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Two-Toned, by Bob Connally

27 Sep

One of the more difficult things to pull off in a film is a successful shift in tone. It’s even more difficult when a filmmaker shifts back and forth between tones throughout a movie. Altered Spirits attempts to do this several times over the span of 90 minutes but unfortunately it just leaves the viewer repeatedly asking, “What does this movie want to be?”

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A Big Hit, by Bob Connally

24 Sep

Two of the more popular comedy subgenres of the past couple of decades have been mockumentaries and dark comedies about hitmen. With Killing Gunther (now available on demand and coming to theaters on October 20), writer and first-time director Taran Killam (Saturday Night Live) is combining the two with fantastic results. It’s a movie that wouldn’t work nearly as well in the hands of many filmmakers who might have concocted a similar premise. However, Killam displays a great understanding of tone and pacing throughout and perhaps most importantly of all, knows how to carry the idea all the way through to the end. As a result, an idea that sounds like it would work better as a short than a feature makes for a very funny 93 minute film.

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Mundane Obsession, by Bob Connally

28 Aug

Like its title character, Ingrid Goes West is a movie that will be dismissed and rejected by many. What many will understandably find difficult is that it defies easy categorization. Not content with simply being a dark comedy about a mentally and emotionally troubled young woman named Ingrid (Aubrey Plaza), it’s a film that dares to turn its cell phone camera back at us and we may not like what we see. From early on it feels reminiscent of Martin Scorsese’s The King of Comedy in that we in the audience may recognize parts of Rupert Pupkin or Ingrid Thorburn in people we know or maybe, to our discomfort, in ourselves.

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Hillbilly Heist, by Bob Connally

20 Aug

There is a lot to like about Steven Soderbergh’s self-proclaimed, “anti-glam version of an Ocean’s movie.” The cast is terrific and manages to have fun with southern stereotypes without openly mocking southerners. The plot is cleverly constructed yet breezy in the right way and there’s an emotional weight to the story of the Logan family and their supposed “curse” that works well. But there is one fatal flaw that Logan Lucky cannot overcome. The film asks its audience to believe that Jimmy Logan (Channing Tatum) could orchestrate a heist worthy of Danny Ocean but it never earns that belief from us. While Jimmy may be a smarter guy than people realize, it remains too much of a leap to get from there to him being a criminal mastermind. It is unfortunate because as I said, there is a lot to like here.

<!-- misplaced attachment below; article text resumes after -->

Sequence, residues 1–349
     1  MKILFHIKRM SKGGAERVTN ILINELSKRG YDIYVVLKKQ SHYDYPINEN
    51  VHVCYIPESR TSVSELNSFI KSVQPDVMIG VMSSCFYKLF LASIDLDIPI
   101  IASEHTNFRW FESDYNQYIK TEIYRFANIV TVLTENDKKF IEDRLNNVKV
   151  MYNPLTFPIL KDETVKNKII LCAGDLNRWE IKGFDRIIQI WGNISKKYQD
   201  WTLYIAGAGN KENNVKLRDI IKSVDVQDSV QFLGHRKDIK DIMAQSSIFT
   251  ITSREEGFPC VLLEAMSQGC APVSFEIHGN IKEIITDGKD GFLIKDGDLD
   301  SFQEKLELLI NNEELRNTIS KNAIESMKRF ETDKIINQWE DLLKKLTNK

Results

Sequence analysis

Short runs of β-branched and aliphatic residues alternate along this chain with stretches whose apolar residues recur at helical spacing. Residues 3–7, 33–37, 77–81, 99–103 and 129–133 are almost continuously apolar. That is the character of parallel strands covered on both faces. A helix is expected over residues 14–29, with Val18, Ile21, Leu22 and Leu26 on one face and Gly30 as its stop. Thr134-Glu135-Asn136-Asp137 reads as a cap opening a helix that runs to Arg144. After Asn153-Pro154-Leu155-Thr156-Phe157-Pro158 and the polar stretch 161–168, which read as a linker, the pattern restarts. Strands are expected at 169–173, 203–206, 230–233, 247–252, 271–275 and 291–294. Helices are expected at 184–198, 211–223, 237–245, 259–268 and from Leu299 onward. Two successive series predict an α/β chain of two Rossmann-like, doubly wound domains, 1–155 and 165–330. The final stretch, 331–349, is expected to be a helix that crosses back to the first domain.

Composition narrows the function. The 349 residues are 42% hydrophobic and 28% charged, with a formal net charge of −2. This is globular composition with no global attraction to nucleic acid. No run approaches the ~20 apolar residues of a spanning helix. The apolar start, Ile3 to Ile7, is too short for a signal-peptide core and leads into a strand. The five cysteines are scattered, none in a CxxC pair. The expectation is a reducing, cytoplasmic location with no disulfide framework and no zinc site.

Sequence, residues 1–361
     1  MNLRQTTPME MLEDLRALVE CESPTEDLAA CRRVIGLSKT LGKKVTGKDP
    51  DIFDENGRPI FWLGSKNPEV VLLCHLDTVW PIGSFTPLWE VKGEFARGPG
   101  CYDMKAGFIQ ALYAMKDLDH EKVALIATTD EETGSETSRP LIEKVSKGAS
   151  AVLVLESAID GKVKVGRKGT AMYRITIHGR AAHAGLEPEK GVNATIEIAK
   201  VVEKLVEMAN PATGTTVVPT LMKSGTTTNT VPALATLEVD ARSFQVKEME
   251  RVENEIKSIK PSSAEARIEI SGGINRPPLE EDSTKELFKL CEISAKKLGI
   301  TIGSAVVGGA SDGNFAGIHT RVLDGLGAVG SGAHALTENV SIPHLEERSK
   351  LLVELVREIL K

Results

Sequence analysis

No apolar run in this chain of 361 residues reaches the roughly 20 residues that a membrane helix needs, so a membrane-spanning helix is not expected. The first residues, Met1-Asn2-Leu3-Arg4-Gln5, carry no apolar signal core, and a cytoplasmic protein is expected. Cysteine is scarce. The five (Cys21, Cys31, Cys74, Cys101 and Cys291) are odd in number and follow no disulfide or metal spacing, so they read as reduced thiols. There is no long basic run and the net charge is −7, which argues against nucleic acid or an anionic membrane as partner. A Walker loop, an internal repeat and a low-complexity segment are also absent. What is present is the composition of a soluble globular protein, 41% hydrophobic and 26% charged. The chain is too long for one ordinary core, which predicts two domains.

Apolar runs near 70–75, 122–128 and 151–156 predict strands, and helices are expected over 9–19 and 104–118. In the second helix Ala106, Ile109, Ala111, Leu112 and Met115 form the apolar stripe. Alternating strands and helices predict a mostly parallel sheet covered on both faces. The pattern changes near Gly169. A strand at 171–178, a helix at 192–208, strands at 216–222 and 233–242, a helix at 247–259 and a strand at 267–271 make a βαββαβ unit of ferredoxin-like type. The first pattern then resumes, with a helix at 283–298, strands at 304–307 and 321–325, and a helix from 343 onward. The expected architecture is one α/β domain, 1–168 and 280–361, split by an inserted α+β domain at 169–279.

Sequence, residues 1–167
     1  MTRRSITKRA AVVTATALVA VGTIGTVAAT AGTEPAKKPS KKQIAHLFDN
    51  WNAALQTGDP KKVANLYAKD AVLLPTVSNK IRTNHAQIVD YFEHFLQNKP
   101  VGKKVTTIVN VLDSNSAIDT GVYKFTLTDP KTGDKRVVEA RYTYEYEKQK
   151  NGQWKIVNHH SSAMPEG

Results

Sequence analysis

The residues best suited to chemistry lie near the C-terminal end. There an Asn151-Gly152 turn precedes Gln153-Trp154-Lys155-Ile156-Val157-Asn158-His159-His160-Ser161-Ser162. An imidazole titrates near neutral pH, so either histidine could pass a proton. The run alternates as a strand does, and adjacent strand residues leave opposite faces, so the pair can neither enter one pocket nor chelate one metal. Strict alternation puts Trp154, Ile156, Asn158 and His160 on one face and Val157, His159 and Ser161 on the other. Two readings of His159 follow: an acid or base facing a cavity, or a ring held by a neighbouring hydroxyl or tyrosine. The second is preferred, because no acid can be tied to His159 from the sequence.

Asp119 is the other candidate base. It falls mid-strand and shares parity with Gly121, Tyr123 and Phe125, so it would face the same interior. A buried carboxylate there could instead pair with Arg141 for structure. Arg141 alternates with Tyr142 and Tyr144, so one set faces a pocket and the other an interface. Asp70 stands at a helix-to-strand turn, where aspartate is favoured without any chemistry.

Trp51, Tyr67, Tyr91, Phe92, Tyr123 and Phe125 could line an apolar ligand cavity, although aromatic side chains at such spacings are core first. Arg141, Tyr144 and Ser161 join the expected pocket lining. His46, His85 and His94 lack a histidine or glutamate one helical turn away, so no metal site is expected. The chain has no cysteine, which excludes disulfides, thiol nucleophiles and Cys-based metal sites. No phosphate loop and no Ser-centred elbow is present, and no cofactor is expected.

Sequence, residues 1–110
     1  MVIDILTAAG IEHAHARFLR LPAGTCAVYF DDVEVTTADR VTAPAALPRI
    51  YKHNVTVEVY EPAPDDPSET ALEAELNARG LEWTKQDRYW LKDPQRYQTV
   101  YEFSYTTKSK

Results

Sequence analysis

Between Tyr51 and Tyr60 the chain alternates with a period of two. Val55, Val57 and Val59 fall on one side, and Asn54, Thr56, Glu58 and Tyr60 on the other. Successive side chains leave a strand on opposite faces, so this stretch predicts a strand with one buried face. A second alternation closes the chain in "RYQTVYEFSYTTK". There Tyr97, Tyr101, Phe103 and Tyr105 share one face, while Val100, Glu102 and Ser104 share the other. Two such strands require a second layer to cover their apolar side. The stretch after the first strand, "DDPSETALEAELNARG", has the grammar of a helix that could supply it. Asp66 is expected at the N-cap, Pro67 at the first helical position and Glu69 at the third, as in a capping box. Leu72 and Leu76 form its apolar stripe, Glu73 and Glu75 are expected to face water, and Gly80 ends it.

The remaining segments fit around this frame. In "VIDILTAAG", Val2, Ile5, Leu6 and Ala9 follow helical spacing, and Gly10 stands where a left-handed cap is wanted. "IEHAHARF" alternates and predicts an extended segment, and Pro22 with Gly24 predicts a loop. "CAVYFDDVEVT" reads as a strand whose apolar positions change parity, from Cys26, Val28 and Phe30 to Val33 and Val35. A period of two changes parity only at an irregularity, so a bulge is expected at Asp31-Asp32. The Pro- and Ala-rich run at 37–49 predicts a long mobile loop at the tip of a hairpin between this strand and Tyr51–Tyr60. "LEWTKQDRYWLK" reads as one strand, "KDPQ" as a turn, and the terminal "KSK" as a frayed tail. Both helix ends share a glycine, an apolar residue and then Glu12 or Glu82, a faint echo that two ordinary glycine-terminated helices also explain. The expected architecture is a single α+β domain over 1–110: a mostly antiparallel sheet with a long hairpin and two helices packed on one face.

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Something Great in the Neighborhood, by Bob Connally

15 Aug

When your job as a writer is to look at film objectively, it’s important to not get hung up on nostalgia. Thankfully, I do pretty well with that. I might have thought a movie was wonderful as a 9-year old but if it doesn’t work for me now I can’t trick myself into still loving it and I know that I shouldn’t try. If I’m watching a film I loved as a kid now for the 37th time it’s because it still works for me and it works for me in an entirely different way than when I first saw it. I feel that it’s important to be clear about this so you understand where I’m coming from when I say that 1984’s Ghostbusters – a movie I loved almost as much as life itself after I got it on VHS for my 6th birthday in 1988 – is my favorite movie of all-time. I hope that you’re ready to believe me.

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Secret Agent Woman, by Bob Connally

1 Aug

At the start of David Leitch’s new Cold War action-packed spy thriller we are told that in November of 1989 the Berlin Wall came down but that, “This is not that story.” Instead, Atomic Blonde deals with MI6 agent Lorraine Broughton (Charlize Theron) and her efforts that same month to recover a microfilm which contains the identities of every active field agent in the Eastern Bloc. Lorraine is a stone cold killer paired with another MI6 agent in Berlin, David Percival (James McAvoy) to find the list and to kill a double agent known only as Satchel.